Latics may still have been savouring the sweet scent of victory over the Champions elect, but they headed into this game with on-song Arsenal full in the knowledge their survival race was far from over. With other relegation-threatened teams having failed to make much ground on Saturday, however, this was essentially a ‘free hit’ – Wigan could play with the confidence that anything gained would be a bonus, and a highly useful one at that. Of course, it wouldn’t be easy; the Gunners rarely drop points at the Emirates Stadium, especially not to Wigan. The last time Latics even so much as scored away to Arsenal was through Denny Landzaat more than five years ago, and that was an exceptional effort.
Games, however, are rarely decided on history. More recently, Latics have beaten Manchester United and Liverpool, and run Chelsea very close on their own bidding. That Gunners also lost to QPR less than one month ago provided further hope something may just be available. But they couldn’t win, could they? Another three points against a top-four team would be too much to ask, wouldn’t it?
The night started on a low note as news filtered through that United conqueror Shaun ‘Only‘ Maloney would not be fit to take his place in the starting lineup. The man he ousted from the first team, Jordi Gomez, would fill the gaping void as Franco Di Santo’s support striker-cum-midfielder-cum-Jack Russell Terrier. As it happened, he did so rather well.
The match began at a frightful pace, with Arsenal firing three shots at the Latics goal within the first six minutes. Ali Al Habsi expertly palmed Yossi Benayoun’s strike over the bar to deny the Israeli yet another goal against Wigan, and you got the feeling this might just be a very long night in London. What transpired in the next three minutes, however, was nothing short of remarkable.
In the sixth minute of the game, Robin van Persie played in an average corner which James McCarthy was able to head clear with some comfort at the front post. Further good work from the Irishman ensured the ball found its way to Jordi Gomez just short of the halfway line, and Di Santo was already starting his marauding solo run into the opposition half. Gomez sprinted down the Arsenal right before playing the ball across three defenders straight to his Argentine team-mate, whose initial shot was only half blocked by Szczesny. The ball fell nicely for the ex-Chelsea man, who could volley home from close range for his first goal in what seems like months – probably because it was. The Emirates was stunned silence as Di Santo wheeled away with his team-mates to celebrate his fifth goal of the campaign, and boy was it richly deserved.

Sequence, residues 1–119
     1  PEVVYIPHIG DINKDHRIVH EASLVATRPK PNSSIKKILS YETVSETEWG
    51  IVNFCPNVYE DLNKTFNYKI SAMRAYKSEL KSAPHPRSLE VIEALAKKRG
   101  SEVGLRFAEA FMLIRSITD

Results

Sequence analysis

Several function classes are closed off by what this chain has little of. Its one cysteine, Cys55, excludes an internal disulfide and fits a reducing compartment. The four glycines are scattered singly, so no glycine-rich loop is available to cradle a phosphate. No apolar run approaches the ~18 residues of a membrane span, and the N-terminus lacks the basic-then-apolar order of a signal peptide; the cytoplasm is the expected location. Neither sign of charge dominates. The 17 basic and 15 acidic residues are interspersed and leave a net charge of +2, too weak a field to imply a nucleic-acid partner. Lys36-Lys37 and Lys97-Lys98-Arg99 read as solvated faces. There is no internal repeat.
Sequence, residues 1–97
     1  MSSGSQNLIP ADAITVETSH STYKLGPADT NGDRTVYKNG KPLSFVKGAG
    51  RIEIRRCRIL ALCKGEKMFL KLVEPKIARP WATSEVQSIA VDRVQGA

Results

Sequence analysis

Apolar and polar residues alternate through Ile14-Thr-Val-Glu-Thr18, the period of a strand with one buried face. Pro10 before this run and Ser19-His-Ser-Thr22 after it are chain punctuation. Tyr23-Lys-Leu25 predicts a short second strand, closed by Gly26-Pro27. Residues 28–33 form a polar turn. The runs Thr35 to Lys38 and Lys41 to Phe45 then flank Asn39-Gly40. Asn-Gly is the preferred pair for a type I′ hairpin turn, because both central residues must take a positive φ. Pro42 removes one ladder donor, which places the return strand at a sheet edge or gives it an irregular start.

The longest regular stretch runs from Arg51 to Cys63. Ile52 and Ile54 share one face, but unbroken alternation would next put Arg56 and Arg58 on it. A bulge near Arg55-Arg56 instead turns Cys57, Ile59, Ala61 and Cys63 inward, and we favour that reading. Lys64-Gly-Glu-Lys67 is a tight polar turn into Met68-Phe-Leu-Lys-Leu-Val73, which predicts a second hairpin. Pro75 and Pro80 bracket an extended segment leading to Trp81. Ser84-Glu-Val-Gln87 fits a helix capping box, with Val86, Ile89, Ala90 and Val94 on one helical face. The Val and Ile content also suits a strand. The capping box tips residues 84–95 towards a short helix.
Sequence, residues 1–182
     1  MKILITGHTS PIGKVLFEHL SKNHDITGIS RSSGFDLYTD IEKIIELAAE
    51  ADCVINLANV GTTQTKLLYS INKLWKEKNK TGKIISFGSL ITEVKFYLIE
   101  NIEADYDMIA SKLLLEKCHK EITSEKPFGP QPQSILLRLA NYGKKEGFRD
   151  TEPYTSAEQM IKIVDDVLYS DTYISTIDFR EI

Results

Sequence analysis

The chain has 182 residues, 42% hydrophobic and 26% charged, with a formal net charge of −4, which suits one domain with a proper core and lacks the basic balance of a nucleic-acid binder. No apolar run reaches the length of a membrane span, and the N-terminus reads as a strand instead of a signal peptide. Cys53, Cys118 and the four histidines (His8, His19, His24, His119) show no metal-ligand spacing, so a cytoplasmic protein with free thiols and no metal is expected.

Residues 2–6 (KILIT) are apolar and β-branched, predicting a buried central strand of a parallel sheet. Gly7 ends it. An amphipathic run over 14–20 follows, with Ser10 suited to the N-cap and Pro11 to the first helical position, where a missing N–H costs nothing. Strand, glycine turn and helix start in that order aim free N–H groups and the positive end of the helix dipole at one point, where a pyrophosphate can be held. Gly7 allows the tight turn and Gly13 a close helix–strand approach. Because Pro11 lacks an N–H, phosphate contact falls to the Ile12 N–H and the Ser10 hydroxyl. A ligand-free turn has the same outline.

Incredibly, it was about to get even better for Latics. The Gunners barely had time to think before Victor Moses was causing problems for Bacary Sagna at right back, jinking his way past the Frenchman with an exquisite turn that would fool even the best of international defenders. Moses delivered the ball to James McArthur at the near post, but the Scot found himself crowded out by two Arsenal defenders. He did manage to squeeze the ball across the six yard box, however, and Jordi Gomez was waiting to bundle the ball home at the second attempt. Though Szczesny was equal to his first effort, the ball fell wonderfully for Gomez, who just had to tap home with his left foot.
If the Emirates faithful were stunned by the first goal, they must have been in shock at the sight of Little Wigan going 2-0 up within eight minutes. For Latics, it really was the stuff of dreams, a magical start they couldn’t have imagined in their wildest fantasies. But this was no time to relax, for the next 35 minutes would be some of the toughest this team have ever had to endure. Though James McCarthy and Gomez had efforts to make it 3-0, the home side soon had them well and truly on the back foot, setting up camp somewhere just outside the Wigan penalty area. Gary Caldwell first made a double clearance before Benayoun drew another top-drawer save from Al Habsi. This was even better than his first, an acrobatic leap topped with an efficient right-hand punch to send the ball over the bar.
By the 18th minute, Wigan already had eleven men behind the ball to prevent Arsenal’s ten-strong attack line from breaking through. The problem with having so many men back is that no matter how many times you clear the ball, you know there’s a good chance it will be coming straight back at you. Although Victor Moses had a bit of an effort, the Gunners were soon back in the Latics half and baying for blood. Unfortunately for the visitors, their two goal cushion did not last much longer as Thomas Vermaelen finally made the pressure count. Tomas Rosicky delivered a dangerous cross from the right, and the Belgian spied his chance to powerfully head home from 12 yards.
At this rate, Wigan would do well to see the game through to half time with their lead intact. Robin van Persie made Al Habsi work once again, while Djourou and Rosicky also spurned chances of a shot on target within the next ten minutes. In fact, the pressure would continue right up to the break, with Santos and van Persie trying their luck, but fortunately to no avail. Wigan could not break free, and though they stemmed the tide as the half wore on, the hosts simply would not let up. Latics managed to repel a couple of free kicks in threatening positions to cling on to their slender advantage as the referee mercifully blew for half time.